The ADACEN Solution
Dive into a new age of data resilience and compute performance coupled with maximum efficiencies
Artificial Intelligence as a Service (AIaaS)
Artificial intelligence as a service (AIaaS) refers to out-of-box AI services rendered by ADACEN to potential subscribers. AI refers to a paradigm where computer systems perform human-like tasks by reasoning, picking up cues from past experiences, learning, and solving problems. Broadly, disparate technologies such as machine learning (ML), natural language processing (NLP), computer vision, and robotics are referred to under AI.
Like ADACEN’s backup as a service (BaaS) and infrastructure as a service (IaaS), ADACEN’s AIaaS provides a complete ‘as a service’ package that ADACEN hosts. This is a very cost-effective and reliable alternative to software developed by a client’s in-house team. As such, AI becomes accessible to everyone in the corporate ecosystem.
With ADACEN’s AIaaS, end users can harness the capabilities of AI through application programming interfaces (APIs) and tools without having to write any complex codes. Like all other ‘as a service’ solutions, AIaaS uses cloud computing models effectively to leverage AI. It adds substantial flexibility in overall organizational operations and enhances efficiency, thereby driving productivity levels. AIaaS is highly dynamic and adaptable. It is primarily effective in optimizing the outcomes of big data analytics projects. These readily available AI services allow companies to extract the key benefits of AI without making huge capital investments (or bearing the related risks) to build and execute their cloud platforms.
Ultra High-Performance Compute (UHPC)
When it comes to high-performance computing, the future is NOW. Transformative technologies like cloud computing, artificial intelligence, and blockchain systems are supported and enabled by high-performance computers. Application of HPCs has recently yielded unprecedented results in the field of protein folding. Using AI solves a problem that has stumped scientists for more than fifty years.
Edge computing focuses on maximizing data storage and operations on phones and PCs—such as making driving instructions available and effective offline or caching media from a streaming service temporarily on a personal laptop to create a seamless playback experience. High-performance computing is all about powerful processing and utilizing the cloud.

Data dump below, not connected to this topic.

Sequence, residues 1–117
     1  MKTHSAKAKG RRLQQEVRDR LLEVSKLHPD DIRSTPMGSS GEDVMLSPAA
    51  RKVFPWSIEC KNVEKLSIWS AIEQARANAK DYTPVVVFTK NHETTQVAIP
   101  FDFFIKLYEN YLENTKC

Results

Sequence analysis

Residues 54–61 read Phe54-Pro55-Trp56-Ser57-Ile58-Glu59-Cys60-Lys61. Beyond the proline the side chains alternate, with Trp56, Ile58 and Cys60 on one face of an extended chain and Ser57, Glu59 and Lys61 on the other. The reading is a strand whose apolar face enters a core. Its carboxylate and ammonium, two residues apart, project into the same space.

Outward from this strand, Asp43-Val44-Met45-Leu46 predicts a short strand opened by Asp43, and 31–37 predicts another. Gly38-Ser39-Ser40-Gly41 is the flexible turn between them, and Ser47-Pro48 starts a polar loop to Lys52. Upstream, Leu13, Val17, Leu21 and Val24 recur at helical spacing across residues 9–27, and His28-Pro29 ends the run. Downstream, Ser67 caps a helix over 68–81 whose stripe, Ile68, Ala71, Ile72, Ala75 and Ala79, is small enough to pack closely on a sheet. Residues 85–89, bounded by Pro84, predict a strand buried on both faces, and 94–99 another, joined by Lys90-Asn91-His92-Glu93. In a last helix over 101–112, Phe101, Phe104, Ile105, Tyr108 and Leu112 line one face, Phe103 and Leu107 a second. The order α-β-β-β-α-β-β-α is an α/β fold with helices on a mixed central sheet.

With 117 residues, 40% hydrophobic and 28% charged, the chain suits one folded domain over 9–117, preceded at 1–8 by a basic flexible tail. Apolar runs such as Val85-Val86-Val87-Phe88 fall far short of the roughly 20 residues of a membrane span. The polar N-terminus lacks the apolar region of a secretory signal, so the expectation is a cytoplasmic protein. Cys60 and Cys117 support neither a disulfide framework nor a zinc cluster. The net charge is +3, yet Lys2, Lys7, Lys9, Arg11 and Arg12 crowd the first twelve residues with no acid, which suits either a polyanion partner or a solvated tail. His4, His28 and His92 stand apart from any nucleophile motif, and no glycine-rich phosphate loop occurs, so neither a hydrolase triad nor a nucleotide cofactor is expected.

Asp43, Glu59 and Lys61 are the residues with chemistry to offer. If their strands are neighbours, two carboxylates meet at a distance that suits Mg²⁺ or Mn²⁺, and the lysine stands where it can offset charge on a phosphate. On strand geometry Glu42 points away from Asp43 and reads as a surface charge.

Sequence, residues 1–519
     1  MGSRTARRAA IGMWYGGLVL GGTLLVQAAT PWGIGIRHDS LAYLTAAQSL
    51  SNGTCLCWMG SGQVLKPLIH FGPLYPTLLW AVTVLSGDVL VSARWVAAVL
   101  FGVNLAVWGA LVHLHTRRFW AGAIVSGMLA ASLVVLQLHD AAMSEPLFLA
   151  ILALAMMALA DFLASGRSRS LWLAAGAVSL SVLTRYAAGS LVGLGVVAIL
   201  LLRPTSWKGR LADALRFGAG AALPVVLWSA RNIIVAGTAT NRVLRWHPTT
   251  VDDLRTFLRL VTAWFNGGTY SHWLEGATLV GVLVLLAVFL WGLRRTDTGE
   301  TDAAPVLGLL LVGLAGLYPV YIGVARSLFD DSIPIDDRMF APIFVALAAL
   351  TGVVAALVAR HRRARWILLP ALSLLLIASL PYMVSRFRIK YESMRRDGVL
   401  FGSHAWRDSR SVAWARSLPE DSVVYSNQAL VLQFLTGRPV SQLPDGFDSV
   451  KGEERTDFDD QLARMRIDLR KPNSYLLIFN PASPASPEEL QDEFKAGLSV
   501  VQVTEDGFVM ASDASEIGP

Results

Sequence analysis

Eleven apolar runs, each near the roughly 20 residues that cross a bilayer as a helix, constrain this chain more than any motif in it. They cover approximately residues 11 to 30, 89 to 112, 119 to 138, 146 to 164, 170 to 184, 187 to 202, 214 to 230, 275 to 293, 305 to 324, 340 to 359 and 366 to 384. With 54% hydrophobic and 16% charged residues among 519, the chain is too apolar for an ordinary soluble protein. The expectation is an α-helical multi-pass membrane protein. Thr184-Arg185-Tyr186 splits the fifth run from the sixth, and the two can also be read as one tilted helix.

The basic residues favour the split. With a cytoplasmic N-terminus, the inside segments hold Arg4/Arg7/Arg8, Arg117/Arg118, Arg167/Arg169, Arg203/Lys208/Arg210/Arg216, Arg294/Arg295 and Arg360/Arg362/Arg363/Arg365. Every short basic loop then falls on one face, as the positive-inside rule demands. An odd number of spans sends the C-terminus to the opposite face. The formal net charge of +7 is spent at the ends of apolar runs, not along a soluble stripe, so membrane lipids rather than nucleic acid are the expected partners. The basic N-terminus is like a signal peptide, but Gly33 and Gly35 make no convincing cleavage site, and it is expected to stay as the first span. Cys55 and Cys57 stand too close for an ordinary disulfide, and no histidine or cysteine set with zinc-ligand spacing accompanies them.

Experts in HPC and artificial intelligence solutions predict that the future of high-performance computing will include improvements in scalability and computing power, improvements through hardware and cloud computing, as well as a possible convergence with quantum computing systems.
The number of computing nodes will likely increase in future HPC systems. Successful implementation of cloud-based input and output technologies stand poised to influence high-performance computing trends. Larger workflows require more compute power, but they also call for a streamlined approach to managing data input and output. When this is outsourced to the cloud, the efficiency of the third-party providing data I/O as a service must be assured before it becomes a bottleneck.
In the future, the sustainability of high-performance computing will be as much a concern as its scalability. With essential industries relying on these services, their continuance must be assured for generations to come. The benefits of high-performance computing are immense. Greater data storage capacity, scalability, and cloud computing support are just the beginning of the advantages a high-performance computer can offer. However, high-performance computing systems do have a downside. They consume large volumes of energy and emit huge amounts of waste heat.
ADACEN has solved the environmental impact of this technology by building green data centers and optimizing for maximum energy efficiency in very unique ways. As a result, ADACEN offers the highest density of computing cores on the market. This means that the installation takes up less space, uses less power, has a very low PUE rating and enables the highest performance and efficiencies possible.